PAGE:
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Retired miner could be evicted from land earmarked for housing after 42 years in Clowne

todayNovember 28, 2022 5

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*** Amendment – Word ‘lease’ altered to ‘licence’ ***

“It’s taking everything away from me” says the retired miner who is waiting to see  if he’s evicted from land he’s looked after for 42 years so the council can build houses on it.

76-year-old Melvyn Cooling has kept horses on the fields off Rood Lane, Clowne, since the 1980s, but now owner Bolsover District Council (BDC) wants to build houses on them.

“For many years it’s been my life,” he said.  

“It gives me something to get up for, and my horses.”

In February, BDC officers told neighbour and parish councillor Sharon Gregory they planned to demolish her’s and the attached empty bungalow to gain access to the site, as they could not prove ownership of the only current access point off Rood Lane.

Mr Cooling said he felt ill when he heard through Councillor Gregory of their plan, but has had no communication from the council with regards to it, despite asking them directly several times.

His last horse William sadly passed away from colic on Christmas Day last year and he decided not to replace him because if he could be made to leave the land with just three months notice, according to the terms of his licence.

“I’ve even sold my stables, because if they only give me three months I’ve got to find somebody to buy them haven’t I?” he said. 

“Or I’ve got to find somewhere to put them, and I haven’t got anywhere.  

“So I’ve got to be in front of them.”

A member of the British Driving Society, Mr Cooling used to travel around the country showing horses with his late wife Cath.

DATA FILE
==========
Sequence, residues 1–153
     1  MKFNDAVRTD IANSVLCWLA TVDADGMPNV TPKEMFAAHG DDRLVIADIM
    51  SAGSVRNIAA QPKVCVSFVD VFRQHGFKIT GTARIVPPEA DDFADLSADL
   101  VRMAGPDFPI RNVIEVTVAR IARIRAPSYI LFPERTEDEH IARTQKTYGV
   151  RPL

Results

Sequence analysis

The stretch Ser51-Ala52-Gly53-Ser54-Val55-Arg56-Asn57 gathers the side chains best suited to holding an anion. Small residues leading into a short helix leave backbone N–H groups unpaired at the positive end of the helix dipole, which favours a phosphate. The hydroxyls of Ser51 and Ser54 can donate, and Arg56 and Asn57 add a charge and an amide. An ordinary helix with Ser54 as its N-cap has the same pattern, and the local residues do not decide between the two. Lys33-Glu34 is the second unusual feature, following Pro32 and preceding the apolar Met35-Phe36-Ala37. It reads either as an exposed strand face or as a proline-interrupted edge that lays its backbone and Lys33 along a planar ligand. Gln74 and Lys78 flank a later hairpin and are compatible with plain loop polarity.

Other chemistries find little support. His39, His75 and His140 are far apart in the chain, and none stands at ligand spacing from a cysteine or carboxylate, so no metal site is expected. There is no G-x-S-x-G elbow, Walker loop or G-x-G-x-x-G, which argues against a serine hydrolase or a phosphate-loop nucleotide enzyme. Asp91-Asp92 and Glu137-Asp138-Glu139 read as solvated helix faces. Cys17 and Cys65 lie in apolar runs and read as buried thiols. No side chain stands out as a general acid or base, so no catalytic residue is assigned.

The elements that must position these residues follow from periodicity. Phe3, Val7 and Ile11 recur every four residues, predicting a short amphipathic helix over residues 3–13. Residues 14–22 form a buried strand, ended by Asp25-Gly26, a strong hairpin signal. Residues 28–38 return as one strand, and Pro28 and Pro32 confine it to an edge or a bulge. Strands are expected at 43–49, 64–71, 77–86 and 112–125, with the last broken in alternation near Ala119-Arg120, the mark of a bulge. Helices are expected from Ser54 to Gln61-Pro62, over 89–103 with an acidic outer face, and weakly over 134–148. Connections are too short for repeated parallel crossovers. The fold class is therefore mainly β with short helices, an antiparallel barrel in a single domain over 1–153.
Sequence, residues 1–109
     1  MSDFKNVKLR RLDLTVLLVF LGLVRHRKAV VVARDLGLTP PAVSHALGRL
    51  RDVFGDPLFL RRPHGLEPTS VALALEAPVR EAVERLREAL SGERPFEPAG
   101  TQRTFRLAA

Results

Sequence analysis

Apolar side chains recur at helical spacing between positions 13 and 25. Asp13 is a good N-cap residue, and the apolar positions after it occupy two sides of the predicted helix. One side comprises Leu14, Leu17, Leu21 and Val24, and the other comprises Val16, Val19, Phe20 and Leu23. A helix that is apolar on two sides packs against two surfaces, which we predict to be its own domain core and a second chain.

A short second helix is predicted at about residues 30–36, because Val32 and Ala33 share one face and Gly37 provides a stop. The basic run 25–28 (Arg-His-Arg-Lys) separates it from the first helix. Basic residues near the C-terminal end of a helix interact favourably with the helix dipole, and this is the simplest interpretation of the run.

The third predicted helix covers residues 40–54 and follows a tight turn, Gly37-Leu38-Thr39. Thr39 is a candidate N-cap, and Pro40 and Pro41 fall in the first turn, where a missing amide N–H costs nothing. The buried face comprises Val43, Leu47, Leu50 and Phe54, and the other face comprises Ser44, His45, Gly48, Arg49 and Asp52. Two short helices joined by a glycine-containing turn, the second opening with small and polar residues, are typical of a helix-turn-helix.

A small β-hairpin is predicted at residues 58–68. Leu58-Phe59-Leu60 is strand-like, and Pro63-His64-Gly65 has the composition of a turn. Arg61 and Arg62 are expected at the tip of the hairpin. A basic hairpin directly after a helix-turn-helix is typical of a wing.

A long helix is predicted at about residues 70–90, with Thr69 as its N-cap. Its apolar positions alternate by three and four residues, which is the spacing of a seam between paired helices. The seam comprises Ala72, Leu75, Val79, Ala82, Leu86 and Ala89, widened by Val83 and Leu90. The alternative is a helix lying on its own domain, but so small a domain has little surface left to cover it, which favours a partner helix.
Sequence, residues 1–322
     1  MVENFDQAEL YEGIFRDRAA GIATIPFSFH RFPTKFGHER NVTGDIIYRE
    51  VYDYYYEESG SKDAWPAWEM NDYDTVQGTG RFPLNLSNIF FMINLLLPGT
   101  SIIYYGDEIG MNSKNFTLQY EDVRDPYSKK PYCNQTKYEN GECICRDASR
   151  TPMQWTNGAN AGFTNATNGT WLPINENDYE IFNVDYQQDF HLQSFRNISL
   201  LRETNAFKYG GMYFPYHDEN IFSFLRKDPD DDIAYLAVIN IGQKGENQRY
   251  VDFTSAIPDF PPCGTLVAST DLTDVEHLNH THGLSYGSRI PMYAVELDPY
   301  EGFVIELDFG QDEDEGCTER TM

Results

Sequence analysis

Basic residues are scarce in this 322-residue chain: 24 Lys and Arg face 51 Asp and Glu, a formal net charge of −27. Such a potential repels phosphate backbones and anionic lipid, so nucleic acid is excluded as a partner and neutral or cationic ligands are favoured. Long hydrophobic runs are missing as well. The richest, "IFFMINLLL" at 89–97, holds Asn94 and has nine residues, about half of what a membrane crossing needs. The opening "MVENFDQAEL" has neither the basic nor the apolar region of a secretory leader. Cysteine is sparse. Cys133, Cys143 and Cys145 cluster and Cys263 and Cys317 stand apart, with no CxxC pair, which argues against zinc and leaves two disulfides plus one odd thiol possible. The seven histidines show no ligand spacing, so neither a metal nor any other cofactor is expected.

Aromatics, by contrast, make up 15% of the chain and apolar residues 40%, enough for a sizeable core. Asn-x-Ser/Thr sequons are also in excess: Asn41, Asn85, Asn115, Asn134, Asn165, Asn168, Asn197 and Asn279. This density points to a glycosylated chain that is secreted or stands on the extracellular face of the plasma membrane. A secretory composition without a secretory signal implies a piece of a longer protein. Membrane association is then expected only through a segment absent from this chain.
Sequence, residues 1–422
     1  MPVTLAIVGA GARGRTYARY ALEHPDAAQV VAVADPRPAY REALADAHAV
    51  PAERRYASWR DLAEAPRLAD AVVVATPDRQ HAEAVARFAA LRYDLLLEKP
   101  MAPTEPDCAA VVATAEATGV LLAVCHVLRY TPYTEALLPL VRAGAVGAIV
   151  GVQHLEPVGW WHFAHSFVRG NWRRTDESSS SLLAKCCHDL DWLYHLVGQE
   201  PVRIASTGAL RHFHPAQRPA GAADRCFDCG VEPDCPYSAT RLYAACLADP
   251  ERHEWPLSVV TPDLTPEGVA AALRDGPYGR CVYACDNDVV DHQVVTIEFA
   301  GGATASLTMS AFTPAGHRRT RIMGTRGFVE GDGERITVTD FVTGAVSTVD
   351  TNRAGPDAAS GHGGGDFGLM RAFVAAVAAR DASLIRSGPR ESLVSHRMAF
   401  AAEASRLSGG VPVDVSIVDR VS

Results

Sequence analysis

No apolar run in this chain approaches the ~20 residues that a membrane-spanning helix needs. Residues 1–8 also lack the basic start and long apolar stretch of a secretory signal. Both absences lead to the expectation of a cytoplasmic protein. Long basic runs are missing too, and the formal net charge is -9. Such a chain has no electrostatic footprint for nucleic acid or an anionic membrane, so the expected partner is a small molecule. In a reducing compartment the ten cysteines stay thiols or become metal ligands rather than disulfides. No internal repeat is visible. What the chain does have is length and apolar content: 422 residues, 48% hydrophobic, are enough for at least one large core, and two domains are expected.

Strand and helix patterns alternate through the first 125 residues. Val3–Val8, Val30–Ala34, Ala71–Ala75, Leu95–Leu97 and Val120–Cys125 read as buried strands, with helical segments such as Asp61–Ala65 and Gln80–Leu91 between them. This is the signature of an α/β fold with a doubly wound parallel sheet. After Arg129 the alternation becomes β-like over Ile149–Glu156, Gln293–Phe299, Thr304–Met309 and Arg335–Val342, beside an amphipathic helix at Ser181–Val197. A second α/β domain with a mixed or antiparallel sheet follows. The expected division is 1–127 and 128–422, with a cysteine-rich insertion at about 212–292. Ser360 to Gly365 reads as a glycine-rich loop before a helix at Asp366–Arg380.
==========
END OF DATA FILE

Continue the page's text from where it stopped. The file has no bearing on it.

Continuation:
His grandfather, who was also a miner, got him into horses as a child and he used to look after the pit ponies when he worked at Oxcroft Colliery.

Later he worked at Markham Colliery and served for 20 years on Mines Rescue, during which time he found it therapeutic to tend to the horses in the fields after dealing with tragedies below ground.

Mr Cooling said the land, which was previously used for cattle, has never had any chemicals on it and his care of it over the years has made it a haven for wildlife in the urban setting.

“It is classed as meadow land and where do we get meadow land around Clowne?” he commented.

Over the years, the ex-miner has tried on several occasions to buy the land from the authority, even offering more than what he believed it was worth at the time, but has always been knocked back.

A BDC spokesperson said: “We understand situations like this are upsetting and we always speak to those involved to try and address any concerns. 

“Due to the collapse of our preferred building contractor and the establishment of our new Dragonfly Development company we are concentrating on our current construction projects, before any decisions are made on new building schemes. 

“As these sites progress our design team can start to look at future projects and a decision can be taken with regard to Rood Lane.”

Mr Cooling has joined neighbours in raising concerns about the potential traffic that would result from a new housing development, especially taking into account the nearby Clowne Junior School and severe congestion that blocks the roads at pick up and drop off times.

BDC would not comment upon the effect any potential housing development would have on highways safety because no planning application has been submitted for the site yet.

Melvyn Cooling at the entrance to the fields off Rood Lane, Clowne, that he has rented for 42 years. Picture taken by Christina Massey.

Written by: NDR NEWS

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